Teach Yourself to Embroider: My Best Tips and Resources

July 25, 2017

Teach Yourself to Embroider: My Best Tips and Resources

One of the questions I'm asked the most on Instagram is, "How do I learn to embroider?" I've posted tips on this blog before, but I wanted to compile a go-to guide I can point people to. 

Also, a note: people often ask if I provide my own tutorials, videos, or patterns. This is not something I offer, as my focus is on creating my own original designs. Please remember that my original embroidery designs are my own, protected by copyright, and should not be recreated. 

For someone just beginning, you usually have two options: purchase a kit (where materials are often provided) or pick out everything yourself. I myself did not use kits or patterns, but they are great as teaching guides. Here are a few good ones I've come across:

Sublime Stitching patterns

Purl Soho embroidery sampler kit

Penguin and Fish patterns and kits

Sarah K. Benning's pattern program

A Basic Materials Checklist 

Hoop - When I was starting, I tried out both wooden hoops and plastic ones. Either are fine when you are learning; it really depends on personal preference. Get a few different sizes to experiment with.

Needles - The easiest way to go is to get a pack of embroidery needles (sizes 3 - 9). Clover is my preferred brand. 

Needle case - There's a wide variety of types out there, just pick one that you like!

Needle threader - I use this Clover one, but there are many different types out there. Again, it's up to your personal preference.

Embroidery scissors - These small snippers are for cutting threads. There are a lot of cute ones out there, but I really love these basic Fiskars ones.

Thread (aka embroidery floss) - Start with 6-strand cotton embroidery floss. DMC is the best out there. Many other brands are of inferior quality, which makes creating nice stitches tough! Pick colors you like or buy a set. I buy my thread in large quantities from 123stitch.com.

Thread accessories - You can buy plastic bobbins and a divided thread storage box to store your thread. These are obviously optional, but keep your threads sorted neatly. 

Water soluble fabric pen - This pen is great for transferring a pattern onto your fabric or drawing out what you want to stitch. The pen marks disappear with water. My favorite is the DMC Embroidery Transfer Pen. Learn more about how I use it here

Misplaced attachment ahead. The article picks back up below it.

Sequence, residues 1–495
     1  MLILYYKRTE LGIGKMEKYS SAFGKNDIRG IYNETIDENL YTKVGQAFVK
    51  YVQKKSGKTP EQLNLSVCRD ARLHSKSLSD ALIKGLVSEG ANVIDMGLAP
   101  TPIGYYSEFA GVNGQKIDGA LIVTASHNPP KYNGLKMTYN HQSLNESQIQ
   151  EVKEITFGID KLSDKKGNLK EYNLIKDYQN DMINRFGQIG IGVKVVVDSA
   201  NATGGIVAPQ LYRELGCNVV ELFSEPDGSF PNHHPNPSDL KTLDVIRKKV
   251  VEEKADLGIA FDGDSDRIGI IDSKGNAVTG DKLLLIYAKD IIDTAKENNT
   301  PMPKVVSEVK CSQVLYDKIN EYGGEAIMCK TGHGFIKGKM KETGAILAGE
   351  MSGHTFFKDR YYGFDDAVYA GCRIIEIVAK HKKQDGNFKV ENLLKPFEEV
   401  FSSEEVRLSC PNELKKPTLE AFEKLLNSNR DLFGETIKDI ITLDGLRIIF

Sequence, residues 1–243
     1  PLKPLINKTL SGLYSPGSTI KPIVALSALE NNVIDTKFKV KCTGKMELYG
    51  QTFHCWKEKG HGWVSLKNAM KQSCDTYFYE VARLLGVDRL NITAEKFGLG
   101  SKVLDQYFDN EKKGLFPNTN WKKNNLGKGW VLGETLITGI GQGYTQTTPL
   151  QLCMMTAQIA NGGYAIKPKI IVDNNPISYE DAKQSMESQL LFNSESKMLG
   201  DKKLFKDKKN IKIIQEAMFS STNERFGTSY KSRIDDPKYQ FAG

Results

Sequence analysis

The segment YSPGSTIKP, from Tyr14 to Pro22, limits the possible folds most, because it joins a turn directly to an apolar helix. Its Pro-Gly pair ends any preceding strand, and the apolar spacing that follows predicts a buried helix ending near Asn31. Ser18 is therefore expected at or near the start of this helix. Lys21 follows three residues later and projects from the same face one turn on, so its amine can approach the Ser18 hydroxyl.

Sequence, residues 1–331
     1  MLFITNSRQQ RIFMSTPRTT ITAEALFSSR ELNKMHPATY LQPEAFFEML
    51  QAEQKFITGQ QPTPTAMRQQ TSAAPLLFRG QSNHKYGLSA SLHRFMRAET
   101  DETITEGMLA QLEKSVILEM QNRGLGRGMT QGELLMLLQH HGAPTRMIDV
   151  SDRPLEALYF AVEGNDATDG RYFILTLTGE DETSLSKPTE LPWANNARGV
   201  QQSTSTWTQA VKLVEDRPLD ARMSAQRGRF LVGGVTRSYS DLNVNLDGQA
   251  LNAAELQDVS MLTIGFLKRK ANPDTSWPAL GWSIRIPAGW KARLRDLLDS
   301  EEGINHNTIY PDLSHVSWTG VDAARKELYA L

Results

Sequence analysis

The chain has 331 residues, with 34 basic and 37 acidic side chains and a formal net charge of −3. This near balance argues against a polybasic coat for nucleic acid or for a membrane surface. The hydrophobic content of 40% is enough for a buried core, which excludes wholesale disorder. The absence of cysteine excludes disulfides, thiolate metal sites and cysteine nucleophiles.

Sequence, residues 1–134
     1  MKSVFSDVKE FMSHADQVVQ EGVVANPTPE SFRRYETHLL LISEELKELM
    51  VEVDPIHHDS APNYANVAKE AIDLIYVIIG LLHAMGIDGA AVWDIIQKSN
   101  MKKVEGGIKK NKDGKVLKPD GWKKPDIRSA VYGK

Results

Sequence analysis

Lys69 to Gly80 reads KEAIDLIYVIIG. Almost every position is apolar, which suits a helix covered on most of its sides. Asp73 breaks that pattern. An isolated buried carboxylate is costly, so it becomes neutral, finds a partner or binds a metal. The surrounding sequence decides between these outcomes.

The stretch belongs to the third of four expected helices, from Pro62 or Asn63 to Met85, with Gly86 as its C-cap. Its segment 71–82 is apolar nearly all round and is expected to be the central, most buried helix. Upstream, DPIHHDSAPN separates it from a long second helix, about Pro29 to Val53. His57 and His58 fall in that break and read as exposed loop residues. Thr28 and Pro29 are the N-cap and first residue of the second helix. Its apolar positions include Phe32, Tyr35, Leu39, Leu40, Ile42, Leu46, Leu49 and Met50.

Fabric - When I was starting out, I practiced on muslin (a lightweight cotton cloth). You want something that isn't too thin and isn't too thick. I recommend visiting a local fabric shop or craft store and finding something inexpensive, but decent to practice on. You can also scoop up fabric from sale/remnant bins or get some basic cotton tea towels. 

How to Learn 

There are so many options these days for learning, both online and in-person, that it's really up to you! Here's some different ideas:

- See if your local craft or fabric store offers in-house embroidery 101 classes. 

- Use a kit (see above). These will usually offer basic instruction, but may be more limited in detail. 

- Purchase books. Here are my favorites that offer descriptions and images of how to create stitches:

The Stitch Bible: A Comprehensive Guide to 225 Embroidery Stitches and Techniques by Kate Haxell
Mary Thomas's Dictionary of Embroidery Stitches by Mary Thomas
Embroidery: A Step-By-Step Guide to More than 200 Stitches by Lucinda Ganderton
Embroidery Pocket Guide by Leisure Arts (this isn't a book, but a handy little laminated guide)
Rebecca Ringquist's Embroidery Workshops: A Bend-the-Rules Primer by Rebecca Ringquist

- Watch videos. I loved watching short YouTube videos to see how a stitch was created. For example, it was much easier for me to visually see how to do a French knot via a video than a book description. 

- Take an online class. I feel like there are new online class sites popping up daily. There are many out there to choose from at various prices. Skillshare and Craftsy are good starting points. 

Hope this is helpful! You can read earlier posts I've written with my embroidery tips and tricks here

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1 Response


February 15, 2018

This is so helpful. Thank you for sharing :)

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